Don't charge your phone overnight, warns battery expert

Stock image of iPhone being charged
Devices like phones shouldn't be left charged unattended overnight, an Auckland battery expert says. Photo credit: Getty Images

A recent e-scooter battery explosion is a reminder that batteries should be treated with respect, an Auckland battery expert says.

Late last month, a charging scooter battery exploded in a central Wellington apartment, leaving one person in a critical condition. The force from the explosion was enough to crack the glass and move furniture. In the US, the United States Federal Aviation Administration (FAA) has warned passengers not to fully charge devices and phones when taking them on flights due to increased fire risk.

Neither event is a surprise to Peter Simpson, director of Simpower Battery Specialists.

"When you work with batteries long enough, you develop a respect for them," he told Nights.

"Batteries store large amounts of energy in a very small space. And, if you're storing that kind of potential, it's got to go somewhere."

While any kind of battery can be problematic, the increasing prevalence of lithium ion batteries – used in everything from E-vehicles to phones and laptops – means it's come to the fore in recent years. People need to remember to take care with these batteries and be mindful of their power, Simpson says.

As a general rule, he doesn't leave any batteries charging overnight because "things can go wrong". That includes phones, iPads or tablet devices.

"You can have a component failure. You can have all sorts of things happen. Of course, if you're leaving something unattended overnight, it doesn't take long for it to develop and turn into fire.

"Particularly with lithium ion and things like that, you can get a phenomenon known as thermal runaway, which is where the cell hits a certain temperature. And at that particular temperature point, the cells around it go, and it can't be stopped. And so you get rupturing or fire of the case. In that case, the cell will continue to burn until it's finished."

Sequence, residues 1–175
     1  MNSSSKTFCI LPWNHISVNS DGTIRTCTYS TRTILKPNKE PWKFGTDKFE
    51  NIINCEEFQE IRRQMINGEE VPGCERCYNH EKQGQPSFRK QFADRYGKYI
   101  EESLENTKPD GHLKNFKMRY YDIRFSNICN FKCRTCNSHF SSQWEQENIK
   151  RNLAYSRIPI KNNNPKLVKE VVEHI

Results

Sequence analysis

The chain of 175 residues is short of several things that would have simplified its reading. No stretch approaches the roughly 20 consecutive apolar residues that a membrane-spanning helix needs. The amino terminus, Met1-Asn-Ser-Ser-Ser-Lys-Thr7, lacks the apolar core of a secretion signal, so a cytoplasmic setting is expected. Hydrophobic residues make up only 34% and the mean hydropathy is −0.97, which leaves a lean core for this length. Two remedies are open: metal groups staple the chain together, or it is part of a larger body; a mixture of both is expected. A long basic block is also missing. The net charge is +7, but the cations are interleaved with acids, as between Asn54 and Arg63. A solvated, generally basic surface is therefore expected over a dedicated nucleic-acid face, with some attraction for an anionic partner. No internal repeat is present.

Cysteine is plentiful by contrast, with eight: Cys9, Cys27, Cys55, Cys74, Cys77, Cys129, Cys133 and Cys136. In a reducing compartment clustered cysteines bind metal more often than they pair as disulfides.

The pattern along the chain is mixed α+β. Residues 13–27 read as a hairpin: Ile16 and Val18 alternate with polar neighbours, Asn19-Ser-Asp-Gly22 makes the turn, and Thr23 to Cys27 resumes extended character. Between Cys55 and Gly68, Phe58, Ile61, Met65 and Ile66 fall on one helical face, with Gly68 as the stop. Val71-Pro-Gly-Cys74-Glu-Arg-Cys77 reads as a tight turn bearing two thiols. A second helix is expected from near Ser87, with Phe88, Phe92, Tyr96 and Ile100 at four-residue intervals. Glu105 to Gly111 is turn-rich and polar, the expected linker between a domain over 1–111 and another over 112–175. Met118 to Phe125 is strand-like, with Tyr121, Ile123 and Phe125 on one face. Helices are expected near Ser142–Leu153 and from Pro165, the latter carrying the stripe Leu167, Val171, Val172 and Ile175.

When it comes to taking a fully charged device on a plane, Simpson says the rules are confusing.

"The shipping guidelines say that, if you're shipping lithium ion batteries under the UN certification or shipping code of UN3480, the battery must not be in a state of more than 30 percent of charge. And that's the goal on a cargo aircraft. So suddenly, we take them on a plane at 100 percent charge, but it's not okay to ship them 100 percent charge on a cargo aircraft.

"The latest sort of information I've seen suggests that, potentially when the battery's 100 percent fully charged, that the different pressure at altitude could potentially have an impact on the battery. But, invariably, often the devices are not fully charged anyways.

"I've travelled with my phone at 100 percent charge, as I'm sure most people have."

Sim says there are "plenty" of counterfeit batteries on sale here. He believes there should be more control over who sells lithium batteries so consumers know that what they're buying is safe. Internationally, e-commerce giants eBay and Amazon have banned the sale of 18 650s, a type of lithium ion cell, but no such restrictions exist in New Zealand.

"From what I've seen in the market, you can buy unprotected lithium ion cells from places such as TradeMe and Facebook marketplace, and so on and so forth. There's no sort of certification with that. There's no kind of quality control checks. It's just a suggestion that, yes, this is a genuine product."

How to keep batteries safe

Don't short the battery out: "Don't cause short circuits. Don't put the positive and negative together, because that's the quickest way to essentially short the battery and cause a fire."

Don't heat up the battery: "Think about yourself, you like to be at room temperature, the battery likes to be at room temperature. If it's getting increasingly hot for you, the battery doesn't like that and potentially you can cause a rupture or or fire again.

Don't abuse the battery: "Don't disassemble or deform them or treat them roughly. They can become deformed by the pressure or an impact, and that might cause the internal separator puncture and that can cause an internal short circuit."

Don't mix them up: "Don't mix different types of batteries together. That's another big no-no. That can cause big problems."

Don't overcharge the battery: "Always try to match the charger to the battery. Generally, as a rule you're best to use the original one because it was designed to charge that battery."